Mike Lonergan

Mike Lonergan and George Washington have been the class of the A-10 so far. (USA TODAY Sports)

Their Season So Far

Five of the conference’s better postseason prospects …

  • George Washington (#21 AP, 9-1) — The conference’s first team in a Top 25 poll this season (the Colonials are #22 in the USA Today/Coaches Poll) gained some national press when they knocked off ACC preseason favorite Virginia, 73-68, in their second game back on November 13. A five-point loss to #23 Cincinnati in the Barclays Center Classic championship finals remains their only blemish. The Colonials’ resume is heavily sprinkled with teams from the top seven conferences –Tennessee (SEC), Seton Hall (Big East), Penn State, Rutgers (Big Ten) and South Florida (AAC) — all wins. Virginia and Cincinnati are favored to hear the call come Selection Sunday; Tennessee and Seton Hall may find themselves in the conversation by the end of February. With St. Peter’s (NEC) and two more lower division top eight conference teams (Central Florida — AAC and DePaul — Big East) still to play, coach Mike Lonergan’s squad should start their conference slate with a 12-1 record … and a target on their back.

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Checking in on… the Atlantic 10

Posted by Joe Dzuback (@vbtnblog) on December 1st, 2015

Joe Dzuback (@vbtnblog) is the RTC correspondent for the Atlantic 10 Conference.

Feast Week Feedback

With St. Bonaventure’s 77-73 win over Canisius last Tuesday, the Atlantic 10 pushed its non-conference record to 44-11, pushing its winning percentage over 80 percent for the second time this season. Senior guard Marcus Posley scored 37 points, including the two free throws that broke the tie that put the Bonnies up for good. So started Feast Week, but unfortunately momentum stalled as A-10 teams tallied a good but not spectacular 21-10 record in games spanning the Thanksgiving Holiday. Still, the league’s composite record on Monday, November 30, is 58-20 (0.774) — terrific by any measure. Should the conference keep up this pace through December, the Atlantic 10 should have at least six NCAA Tournament candidates with several others drawing attention for other postseason tournaments.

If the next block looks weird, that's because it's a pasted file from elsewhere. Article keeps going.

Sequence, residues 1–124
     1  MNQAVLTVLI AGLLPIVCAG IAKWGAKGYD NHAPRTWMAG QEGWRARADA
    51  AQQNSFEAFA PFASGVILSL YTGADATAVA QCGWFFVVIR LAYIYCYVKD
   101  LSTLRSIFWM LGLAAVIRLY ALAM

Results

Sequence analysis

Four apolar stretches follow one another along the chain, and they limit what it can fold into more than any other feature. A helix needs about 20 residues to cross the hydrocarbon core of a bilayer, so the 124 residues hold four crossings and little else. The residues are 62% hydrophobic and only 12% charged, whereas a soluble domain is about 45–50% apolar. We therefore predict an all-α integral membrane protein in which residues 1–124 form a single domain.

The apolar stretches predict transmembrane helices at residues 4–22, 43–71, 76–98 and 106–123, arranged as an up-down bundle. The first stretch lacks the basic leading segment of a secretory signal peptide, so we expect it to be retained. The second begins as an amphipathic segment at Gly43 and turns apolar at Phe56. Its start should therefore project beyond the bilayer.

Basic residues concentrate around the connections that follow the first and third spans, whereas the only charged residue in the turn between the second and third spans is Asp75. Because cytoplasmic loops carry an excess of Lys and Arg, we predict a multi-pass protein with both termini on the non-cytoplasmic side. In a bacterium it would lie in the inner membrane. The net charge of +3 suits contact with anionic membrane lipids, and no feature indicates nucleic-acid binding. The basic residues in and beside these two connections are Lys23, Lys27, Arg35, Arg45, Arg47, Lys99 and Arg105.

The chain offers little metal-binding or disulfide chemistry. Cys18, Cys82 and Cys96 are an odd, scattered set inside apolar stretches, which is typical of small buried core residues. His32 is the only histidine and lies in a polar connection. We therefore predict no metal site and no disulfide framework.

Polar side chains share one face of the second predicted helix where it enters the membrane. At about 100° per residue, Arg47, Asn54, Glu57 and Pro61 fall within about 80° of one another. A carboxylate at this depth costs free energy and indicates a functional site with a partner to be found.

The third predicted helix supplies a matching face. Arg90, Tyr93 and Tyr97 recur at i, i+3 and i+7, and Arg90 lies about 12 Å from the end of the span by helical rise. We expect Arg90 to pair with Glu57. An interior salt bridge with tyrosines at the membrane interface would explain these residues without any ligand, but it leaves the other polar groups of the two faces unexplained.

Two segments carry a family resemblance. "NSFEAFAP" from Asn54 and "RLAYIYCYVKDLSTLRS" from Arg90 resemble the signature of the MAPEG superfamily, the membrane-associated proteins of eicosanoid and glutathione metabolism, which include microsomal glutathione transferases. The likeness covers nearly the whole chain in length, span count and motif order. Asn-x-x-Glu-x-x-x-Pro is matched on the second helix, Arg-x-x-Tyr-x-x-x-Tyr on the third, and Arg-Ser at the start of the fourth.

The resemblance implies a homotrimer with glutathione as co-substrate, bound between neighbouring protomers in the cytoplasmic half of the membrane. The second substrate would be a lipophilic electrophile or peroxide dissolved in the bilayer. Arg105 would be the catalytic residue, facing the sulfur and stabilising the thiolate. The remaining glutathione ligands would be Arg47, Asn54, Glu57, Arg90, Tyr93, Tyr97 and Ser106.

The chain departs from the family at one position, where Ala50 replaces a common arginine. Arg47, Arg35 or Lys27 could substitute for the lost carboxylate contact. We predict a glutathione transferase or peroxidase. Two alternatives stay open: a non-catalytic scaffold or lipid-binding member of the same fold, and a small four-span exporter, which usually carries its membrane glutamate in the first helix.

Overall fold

The big-time effort that Marcus Posley produced was just one of many standout performances from A-10 players during Feast Week. (AP)

The big-time effort that Marcus Posley produced was just one of many standout performances from A-10 players during Feast Week. (AP)

Seven conference teams (highlighted in the table in yellow below) participated in tournaments that concluded last week. Four of those teams (Dayton, George Washington, Massachusetts and Rhode Island) finished second. Richmond finished third, losing its semifinal game but beating star-studded California in the third place game. Duquesne placed fifth in the Gulf Coast Showcase, dropping its first game to Pepperdine but salvaging wins versus Wisconsin-Milwaukee and Western Kentucky. Like most of these Feast Week tournaments, the Brooklyn Hoops Classic relied on preliminary rounds played on campuses, usually prior to the semifinal and final rounds. The tournament field was held to five teams and they played a round-robin with a single round played at two “tournament site” locations. St. Louis beat three of the participating schools — North Florida, St. Francis-Brooklyn and Hartford. They also lost to Louisville by 20 points at the Barclays Center in Brooklyn.


Nine Games to Catch This Week

The party is on as eight Atlantic 10 teams will face eight elite conference opponents (and a Missouri Valley Conference power in Northern Iowa) over the next seven days. Elite conference opponents represent 33 percent of the composite non-conference schedule, which is at the high end of the range for the past several seasons. Read the rest of this entry »